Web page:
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A common mineral structure, not some expensive metal, has been used to capture energy from the sun and store it as hydrogen, bolstering a new research path toward affordable and clean fuel, scientists reported Thursday. The new rock stars of the hydrogen field are perovskites. Made from various common chemical constituents, perovskites were combined with inexpensive catalysts to split water into hydrogen and oxygen. The system converted 12.3 percent of the sun's energy into hydrogen –- the highest efficiency so far for abundant materials, the scientists at a Swiss research lab reported in the peer-reviewed journal Science.
"Both the perovskite used in the cells and the nickel and iron catalysts making up the electrodes require resources that are abundant on Earth and that are also cheap," researcher Jingshan Luo said in a statement. "However, our electrodes work just as well as the expensive platinum-based models customarily used." The team noted that conversion to hydrogen solves a bottleneck for solar power: how to store the energy.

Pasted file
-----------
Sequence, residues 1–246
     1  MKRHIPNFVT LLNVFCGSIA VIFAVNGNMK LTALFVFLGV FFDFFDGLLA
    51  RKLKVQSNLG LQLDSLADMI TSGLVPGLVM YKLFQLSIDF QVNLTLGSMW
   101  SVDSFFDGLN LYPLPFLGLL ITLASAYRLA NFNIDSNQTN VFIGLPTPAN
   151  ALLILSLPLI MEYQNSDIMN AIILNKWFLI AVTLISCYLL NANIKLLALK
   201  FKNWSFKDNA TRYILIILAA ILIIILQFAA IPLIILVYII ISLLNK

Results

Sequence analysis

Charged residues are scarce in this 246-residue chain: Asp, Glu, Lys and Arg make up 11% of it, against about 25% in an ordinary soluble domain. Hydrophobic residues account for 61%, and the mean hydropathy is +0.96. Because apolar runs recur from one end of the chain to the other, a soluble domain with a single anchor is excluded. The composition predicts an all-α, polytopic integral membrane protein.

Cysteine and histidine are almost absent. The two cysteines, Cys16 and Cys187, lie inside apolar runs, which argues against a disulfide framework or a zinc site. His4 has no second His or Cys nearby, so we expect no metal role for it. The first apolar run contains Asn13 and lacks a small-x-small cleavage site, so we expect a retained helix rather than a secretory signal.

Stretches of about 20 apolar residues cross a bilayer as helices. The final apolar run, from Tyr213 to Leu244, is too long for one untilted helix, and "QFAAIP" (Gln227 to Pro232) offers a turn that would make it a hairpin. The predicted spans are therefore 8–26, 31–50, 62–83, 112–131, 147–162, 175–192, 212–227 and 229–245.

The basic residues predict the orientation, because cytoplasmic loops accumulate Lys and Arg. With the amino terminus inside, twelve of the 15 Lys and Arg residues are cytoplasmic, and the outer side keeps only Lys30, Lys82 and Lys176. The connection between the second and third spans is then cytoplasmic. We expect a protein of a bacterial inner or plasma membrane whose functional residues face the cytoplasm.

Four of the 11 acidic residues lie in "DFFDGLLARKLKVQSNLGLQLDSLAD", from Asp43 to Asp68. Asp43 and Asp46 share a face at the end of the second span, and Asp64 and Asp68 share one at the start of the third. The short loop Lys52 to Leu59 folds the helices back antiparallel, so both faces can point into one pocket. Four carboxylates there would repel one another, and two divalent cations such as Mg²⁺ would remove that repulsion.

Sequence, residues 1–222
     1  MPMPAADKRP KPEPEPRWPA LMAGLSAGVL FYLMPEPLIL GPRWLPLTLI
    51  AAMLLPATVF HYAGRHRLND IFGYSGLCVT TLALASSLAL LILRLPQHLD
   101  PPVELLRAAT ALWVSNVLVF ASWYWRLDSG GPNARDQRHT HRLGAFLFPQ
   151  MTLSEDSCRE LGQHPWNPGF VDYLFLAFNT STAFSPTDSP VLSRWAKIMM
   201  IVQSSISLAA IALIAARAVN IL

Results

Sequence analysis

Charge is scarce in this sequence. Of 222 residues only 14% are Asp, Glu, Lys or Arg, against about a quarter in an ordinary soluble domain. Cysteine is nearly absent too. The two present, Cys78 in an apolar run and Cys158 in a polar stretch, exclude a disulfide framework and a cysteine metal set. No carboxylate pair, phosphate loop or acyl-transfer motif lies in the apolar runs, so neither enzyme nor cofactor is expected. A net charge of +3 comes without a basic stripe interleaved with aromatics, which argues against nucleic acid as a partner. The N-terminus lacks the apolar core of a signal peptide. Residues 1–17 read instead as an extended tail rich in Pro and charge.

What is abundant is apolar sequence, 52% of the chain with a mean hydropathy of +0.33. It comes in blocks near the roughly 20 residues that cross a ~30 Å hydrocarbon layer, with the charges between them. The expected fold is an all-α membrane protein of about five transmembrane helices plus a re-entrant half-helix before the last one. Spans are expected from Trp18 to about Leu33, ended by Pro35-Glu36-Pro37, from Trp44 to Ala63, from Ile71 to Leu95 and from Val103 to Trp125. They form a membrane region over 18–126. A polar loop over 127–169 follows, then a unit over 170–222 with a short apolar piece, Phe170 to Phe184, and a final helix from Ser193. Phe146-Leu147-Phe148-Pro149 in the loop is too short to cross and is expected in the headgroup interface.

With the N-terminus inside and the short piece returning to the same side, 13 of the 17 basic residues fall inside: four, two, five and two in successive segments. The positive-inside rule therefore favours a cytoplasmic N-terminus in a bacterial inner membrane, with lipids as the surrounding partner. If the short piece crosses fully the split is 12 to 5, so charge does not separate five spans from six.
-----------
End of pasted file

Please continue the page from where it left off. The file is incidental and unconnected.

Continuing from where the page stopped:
Even the 12.3 percent is "impressive given that this is in the early stage of research," said Dana Christensen, deputy director for science and technology at the National Renewable Energy Laboratory in Golden, Colo. "I would not categorize this as a 'breakthrough' but neither would I categorize it as 'another small step' — it is much more than that," Christensen told NBC News. The potential, he added, is that the abundance of perovskites "opens the door to cheaper solar cells and, therefore, more cost-effective manufacturing and deployment."
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